You, me, the music, and me.

Friday, November 04, 2005


MCA-6129 (1983)

I started reading Doonesbury when I was about 13 or 14 (shortly before this album came out); it wasn't carried in any of the newspapers I had access to at the time, so I relied on the paperback collections that came out once or twice a year. I've read it on and off for more than twenty years since and continue to marvel at how creator Garry Trudeau manages to combine a sophisticated, up-to-the-minute commentary on politics and world events with the development of characters as well-rounded and sympathetic as those to be found in most novels. Oh, yeah, and it's funny, too.

In January of 1983, Trudeau began a hiatus from the strip that would last until October of the following year. During this time, he wrote Doonesbury: A New Musical (with music by Elizabeth Swados). The story concerned the changes that took place in the lives of the characters after graduating college. These changes would be picked up in the strip when it resumed after Trudeau's hiatus, so the musical functioned as a link in the storyline.

Now, there are two biases to which I will admit having before I go any further; 1) I love Doonesbury, the comic strip, and 2) I hate musicals. Maybe "hate" is too strong a word, but they just don't do it for me. I love opera, I love "standards", I have nothing against the American song form, but the musical as art and/or entertainment does not speak to me. These two biases should be kept in mind by you, the reader, when I tell you that this album, despite its relation to one of the greatest comic strips of all time, is not very good. In fact, it's pretty awful. I bought it a few years ago at Loyalist City Coin and Collectibles in Saint John, N.B. for two or three dollars, took it home, played the first side, then filed it away. I have not listened to it again until tonight. In fact, I still haven't listened to the second side.

I think the problem is that Doonesbury is just not the kind of material that lends itself well to the Broadway musical treatment. The tone of the comic strip is usually sardonic (though rarely mean-spirited) and hip (though never condescending). When it comes to punch lines, Doonesbury goes for the knowing chuckle over the belly laugh. I just cannot picture any of the characters in the strip singing these upbeat, exuberant songs (or singing at all, for that matter). In fact, this musical is exactly the kind of thing that the strip delights in skewering through parody (if the whole thing was intended as an ironic joke, it's way too subtle).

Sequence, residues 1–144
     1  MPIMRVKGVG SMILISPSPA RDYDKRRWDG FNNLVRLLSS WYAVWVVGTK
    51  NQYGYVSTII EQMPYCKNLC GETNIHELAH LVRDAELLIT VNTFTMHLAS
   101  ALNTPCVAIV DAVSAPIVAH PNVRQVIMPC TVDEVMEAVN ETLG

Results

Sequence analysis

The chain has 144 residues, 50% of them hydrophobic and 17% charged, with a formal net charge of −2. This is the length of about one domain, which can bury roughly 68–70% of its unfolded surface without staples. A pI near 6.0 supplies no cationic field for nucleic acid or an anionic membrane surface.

It also doesn't help that the whole thing has the unmistakeable stench of the eighties; the synthesized chords at the beginning of the album sound like an outtake from the soundtrack of Revenge of the Nerds, and there's a rap song that sounds exactly like what your boss sounded like when he tried to rap at the office Christmas party last year. And I don't know which of the cast members listed is playing Duke (a character based on famed gonzo journalist Hunter S. Thompson), but I guarantee you that if the real Duke heard him, he'd hunt the bastard down for misrepresentation.

As I recall, Doonesbury: A New Musical got pretty good reviews and wide acclaim when it came out, so I guess I don't know anything. Maybe my love for the strip could not overcome my issues with musicals. Or maybe it's just a fact that just because something works well in one medium doesn't necessarily mean it will translate to others.

(After I wrote all this, I finally broke down and listened to side two. Yep, it sucks too.)


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